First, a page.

Treatments and drugsBy Mayo Clinic staff
There's no known cure for ichthyosis, so the goal of treatment is to manage the condition.
Treatments may include:
- Alpha hydroxy acids, such as lactic acid and glycolic acid. Treatment can include prescription creams and ointments that contain acids that help control scaling and increase skin moisture.
- Retinoids. Your doctor may prescribe these vitamin A-derived medications in severe cases. They reduce the production of skin cells. Side effects from the medication may include eye and lip inflammation, bone spurs and hair loss. Retinoids may cause birth defects. Women considering retinoid therapy should be sure they are not pregnant before starting the medication — and use effective birth control while taking retinoids.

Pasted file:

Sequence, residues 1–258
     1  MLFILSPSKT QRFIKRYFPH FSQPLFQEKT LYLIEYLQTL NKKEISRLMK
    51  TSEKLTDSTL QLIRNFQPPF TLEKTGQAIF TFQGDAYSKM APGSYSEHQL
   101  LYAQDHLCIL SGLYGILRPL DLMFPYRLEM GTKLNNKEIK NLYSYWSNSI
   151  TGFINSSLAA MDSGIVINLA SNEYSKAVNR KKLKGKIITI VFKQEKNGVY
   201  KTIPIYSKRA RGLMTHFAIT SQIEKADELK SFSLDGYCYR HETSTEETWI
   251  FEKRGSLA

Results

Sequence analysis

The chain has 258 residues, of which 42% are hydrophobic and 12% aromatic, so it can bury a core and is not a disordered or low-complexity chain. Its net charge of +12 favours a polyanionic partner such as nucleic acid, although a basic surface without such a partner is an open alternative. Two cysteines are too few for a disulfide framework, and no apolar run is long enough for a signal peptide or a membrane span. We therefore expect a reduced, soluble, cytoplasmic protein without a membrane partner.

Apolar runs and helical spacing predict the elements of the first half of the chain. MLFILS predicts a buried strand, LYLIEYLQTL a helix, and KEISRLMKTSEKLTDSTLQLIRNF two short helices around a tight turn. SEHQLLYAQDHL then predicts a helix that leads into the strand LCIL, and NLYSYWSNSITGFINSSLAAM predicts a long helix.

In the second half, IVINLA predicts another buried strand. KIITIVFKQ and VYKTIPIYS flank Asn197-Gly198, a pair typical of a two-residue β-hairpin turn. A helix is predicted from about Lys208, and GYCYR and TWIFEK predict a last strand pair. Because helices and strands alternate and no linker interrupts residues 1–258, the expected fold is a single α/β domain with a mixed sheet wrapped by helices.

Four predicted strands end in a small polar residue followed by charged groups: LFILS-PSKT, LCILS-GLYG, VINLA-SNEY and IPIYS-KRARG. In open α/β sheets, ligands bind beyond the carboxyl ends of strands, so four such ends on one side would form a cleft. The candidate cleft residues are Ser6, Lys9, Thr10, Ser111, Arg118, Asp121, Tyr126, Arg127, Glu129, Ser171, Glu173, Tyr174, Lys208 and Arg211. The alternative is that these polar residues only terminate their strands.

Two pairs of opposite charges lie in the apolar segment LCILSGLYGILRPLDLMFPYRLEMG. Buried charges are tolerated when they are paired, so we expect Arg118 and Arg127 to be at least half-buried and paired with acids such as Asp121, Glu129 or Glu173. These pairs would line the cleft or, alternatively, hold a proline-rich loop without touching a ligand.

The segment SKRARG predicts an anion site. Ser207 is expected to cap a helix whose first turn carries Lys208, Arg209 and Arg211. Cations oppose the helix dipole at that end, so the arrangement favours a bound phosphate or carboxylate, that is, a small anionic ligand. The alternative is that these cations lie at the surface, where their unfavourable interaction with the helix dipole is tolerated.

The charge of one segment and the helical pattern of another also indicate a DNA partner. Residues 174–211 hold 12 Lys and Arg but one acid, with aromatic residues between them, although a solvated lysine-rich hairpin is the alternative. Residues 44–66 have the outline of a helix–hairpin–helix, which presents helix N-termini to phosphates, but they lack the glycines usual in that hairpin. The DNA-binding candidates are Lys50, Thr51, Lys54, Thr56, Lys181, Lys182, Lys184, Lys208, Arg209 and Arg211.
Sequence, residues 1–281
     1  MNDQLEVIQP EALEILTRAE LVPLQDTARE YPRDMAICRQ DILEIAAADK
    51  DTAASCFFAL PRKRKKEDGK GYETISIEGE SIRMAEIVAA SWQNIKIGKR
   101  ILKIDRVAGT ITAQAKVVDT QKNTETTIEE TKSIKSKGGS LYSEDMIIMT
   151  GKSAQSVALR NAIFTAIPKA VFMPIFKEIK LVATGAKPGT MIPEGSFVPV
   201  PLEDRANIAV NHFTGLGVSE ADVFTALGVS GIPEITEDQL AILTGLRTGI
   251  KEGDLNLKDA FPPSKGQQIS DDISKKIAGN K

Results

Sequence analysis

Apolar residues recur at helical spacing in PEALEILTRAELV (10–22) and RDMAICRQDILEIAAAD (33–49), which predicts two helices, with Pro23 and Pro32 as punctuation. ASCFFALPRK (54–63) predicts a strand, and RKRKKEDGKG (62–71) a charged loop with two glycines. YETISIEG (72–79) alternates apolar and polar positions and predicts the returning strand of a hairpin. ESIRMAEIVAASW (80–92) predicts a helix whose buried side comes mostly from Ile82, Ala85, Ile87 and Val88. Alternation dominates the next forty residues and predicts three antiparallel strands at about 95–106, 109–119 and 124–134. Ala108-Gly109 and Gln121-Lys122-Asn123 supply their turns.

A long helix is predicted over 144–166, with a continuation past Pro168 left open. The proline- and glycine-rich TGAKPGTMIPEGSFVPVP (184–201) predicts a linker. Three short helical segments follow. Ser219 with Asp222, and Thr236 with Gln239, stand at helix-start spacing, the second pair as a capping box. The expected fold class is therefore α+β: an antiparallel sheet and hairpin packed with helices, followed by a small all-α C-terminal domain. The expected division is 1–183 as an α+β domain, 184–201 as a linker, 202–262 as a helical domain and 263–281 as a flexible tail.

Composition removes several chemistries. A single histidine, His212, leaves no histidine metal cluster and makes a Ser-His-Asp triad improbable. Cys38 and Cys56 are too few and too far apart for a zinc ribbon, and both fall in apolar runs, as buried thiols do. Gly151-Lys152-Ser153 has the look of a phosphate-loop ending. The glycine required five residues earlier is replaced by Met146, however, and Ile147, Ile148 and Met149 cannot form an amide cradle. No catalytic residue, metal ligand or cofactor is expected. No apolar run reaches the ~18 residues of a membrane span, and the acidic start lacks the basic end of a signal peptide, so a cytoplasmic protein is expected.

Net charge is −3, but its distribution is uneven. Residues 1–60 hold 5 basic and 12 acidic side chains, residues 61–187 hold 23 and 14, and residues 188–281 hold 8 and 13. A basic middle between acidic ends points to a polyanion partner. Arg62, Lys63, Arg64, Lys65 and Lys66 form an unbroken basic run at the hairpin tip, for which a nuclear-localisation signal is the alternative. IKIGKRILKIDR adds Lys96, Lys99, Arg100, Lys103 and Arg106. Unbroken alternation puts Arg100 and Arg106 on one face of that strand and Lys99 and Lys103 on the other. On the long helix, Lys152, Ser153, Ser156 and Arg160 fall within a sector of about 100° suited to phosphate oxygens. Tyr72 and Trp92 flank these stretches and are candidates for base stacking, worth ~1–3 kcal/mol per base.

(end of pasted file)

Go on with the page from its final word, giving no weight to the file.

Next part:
- Ichthyosis. The Merck Manuals: The Merck Manual for Healthcare Professionals. http://www.merckmanuals.com/professional/dermatologic_disorders/cornification_disorders/ichthyosis.html#v960749. Accessed Sept. 1, 2012.
- Goldstein BG, et al. Metabolic and inherited diseases affecting the skin. http://www.uptodate.com/index. Accessed Sept. 1, 2012.
- Ichthyosis vulgaris. Foundation for Ichthyosis & Related Skin Types, Inc. http://www.firstskinfoundation.org/content.cfm/Ichthyosis/Ichthyosis-Vulgaris-Fact-Sheet/page_id/898. Accessed Sept. 1, 2012.
- Goldsmith LA, et al., eds. Fitzpatrick's Dermatology in General Medicine. 8th ed. New York, N.Y.: The McGraw-Hill Companies; 2012. http://www.accessmedicine.com/content.aspx?aID=56035110. Accessed September 1, 2012.
- Okulicz JF, et al. Hereditary and acquired ichthyosis vulgaris. International Journal of Dermatology 2003;42:95.